Ammonia 4.0 Need help!

colbywebre47

Hello I am in some dire need of suggestions. I am an aquarist that has been taking care of aquariums for years and I have an avid understanding of the nitrogen cycle. However, in my 125 gallon cichlid tank (Filters are 2 aquaclear 110's and an FX4) , I noticed that my nitratres were getting much too high, so like any normal person I did a water change. The one thing I did different though is that instead of just rinsing out the sponges of my aquaclear 110's, I replaced them for the first time in about a year. And I didnt replace the biomedia or any of the sponges or media in my FX4 because I knew that would get rid of most of the benefical bacteria. But now a couple hours later my tank is milky meaning there is a bacteria bloom, and I panicked. Im guessing that by replacing the sponges in my aquaclears, I took too much beneficial bacteria out of the tank. I measured my ammonia levels and sure enough, they were at 4.0. I know this is highly toxic for my fish so I added ammo lock by API which is supposed to detoxify ammonia to not kill your fish until your tank can run its course. I am terrified my fish will die, what should I do? How fast will the ammonia kill my fish? Should I add something like seachem stability to add bacteria? If someone could help me it would be much appreciated.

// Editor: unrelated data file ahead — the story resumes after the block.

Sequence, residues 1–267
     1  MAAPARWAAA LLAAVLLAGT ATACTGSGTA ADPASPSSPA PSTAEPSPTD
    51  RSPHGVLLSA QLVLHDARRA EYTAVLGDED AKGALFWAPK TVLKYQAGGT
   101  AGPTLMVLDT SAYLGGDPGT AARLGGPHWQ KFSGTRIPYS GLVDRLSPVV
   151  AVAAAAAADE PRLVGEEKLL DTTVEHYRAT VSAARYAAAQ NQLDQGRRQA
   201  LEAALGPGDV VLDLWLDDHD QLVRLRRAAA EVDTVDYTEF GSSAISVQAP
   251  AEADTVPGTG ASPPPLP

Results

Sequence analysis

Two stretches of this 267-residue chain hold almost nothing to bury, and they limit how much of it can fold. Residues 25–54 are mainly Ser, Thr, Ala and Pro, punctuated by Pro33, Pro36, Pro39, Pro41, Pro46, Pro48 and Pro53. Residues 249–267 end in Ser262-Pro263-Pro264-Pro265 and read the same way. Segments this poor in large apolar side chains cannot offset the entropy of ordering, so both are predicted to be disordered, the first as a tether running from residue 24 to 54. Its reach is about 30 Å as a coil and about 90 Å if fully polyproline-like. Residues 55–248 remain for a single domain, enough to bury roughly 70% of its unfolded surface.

JustAFishServant

Just to be ultra sure, your test kit isn't expired, is it? They can have false ammonia readings. Also, what's your pH (and if you can, GH)? That'll help determine if you actually need to worry, or if you naturally have ammonium showing up on the kit.